Dayton’s veto threat emblematic

Keelia Moeller

Gov. Mark Dayton’s frustration with Republicans became clear last week Tuesday when he announced he would veto an education bill they favored. 
 
Dayton has been strongly lobbying House Republicans and Senate Democrats to fund his universal pre-kindergarten program, which was left out of the proposal he nixed last week.
 
When his initial efforts were met with resistance, Dayton launched a last-ditch effort to get Republicans to spend at least $125 million on other educational necessities, offering to sign other budget bills and even drop his pre-K plan entirely. 
 
Again, Republicans rejected his proposal. The universal pre-K plan is rumored to have no support among Republicans — illustrating why Dayton’s final offer was to remove it from the table. But when Republicans such as House Speaker Kurt Daudt reject this plan, they illustrate that it’s not just the pre-K program they don’t support.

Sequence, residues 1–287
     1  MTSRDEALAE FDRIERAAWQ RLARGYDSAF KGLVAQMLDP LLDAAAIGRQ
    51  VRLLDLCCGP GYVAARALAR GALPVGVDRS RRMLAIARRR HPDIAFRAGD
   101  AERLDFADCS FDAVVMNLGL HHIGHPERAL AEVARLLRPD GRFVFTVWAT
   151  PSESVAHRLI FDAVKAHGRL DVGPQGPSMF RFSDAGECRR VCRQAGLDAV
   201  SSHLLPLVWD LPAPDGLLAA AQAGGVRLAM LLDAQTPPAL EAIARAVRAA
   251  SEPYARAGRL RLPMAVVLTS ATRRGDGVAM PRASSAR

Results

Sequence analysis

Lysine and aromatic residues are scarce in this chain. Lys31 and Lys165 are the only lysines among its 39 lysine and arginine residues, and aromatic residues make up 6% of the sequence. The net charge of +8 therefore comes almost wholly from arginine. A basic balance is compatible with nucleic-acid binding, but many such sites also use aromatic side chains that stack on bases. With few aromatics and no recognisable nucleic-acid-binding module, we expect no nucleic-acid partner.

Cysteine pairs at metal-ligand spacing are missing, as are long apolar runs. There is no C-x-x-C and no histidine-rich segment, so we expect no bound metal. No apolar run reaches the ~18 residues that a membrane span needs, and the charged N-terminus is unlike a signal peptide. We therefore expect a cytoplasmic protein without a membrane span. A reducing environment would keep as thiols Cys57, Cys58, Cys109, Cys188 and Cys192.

The dispute with Republican lawmakers led Dayton to voice his intention to automatically veto  any bill that would fund education without providing for his universal pre-K plan. 
 
Yet again, Republicans have failed to meet Dayton in the middle. Republicans currently have a $1.9 billion projected surplus, and yet they refuse to invest in improving education, instead leaving $1 billion unspent to go toward potential tax cuts and transportation spending. 
 
The governor and legislative leaders have failed to come to an agreement over the past five months. With just a few weeks left in the fiscal year, Dayton hopes that a threat of shutting down the Department of Education will force the Republicans into a compromise. 
 
The fact is that it should not have come to this. Dayton can only extend an olive branch so far into the Republicans’ hands. At this point, it should be on their shoulders to find a new way to compromise and improve education.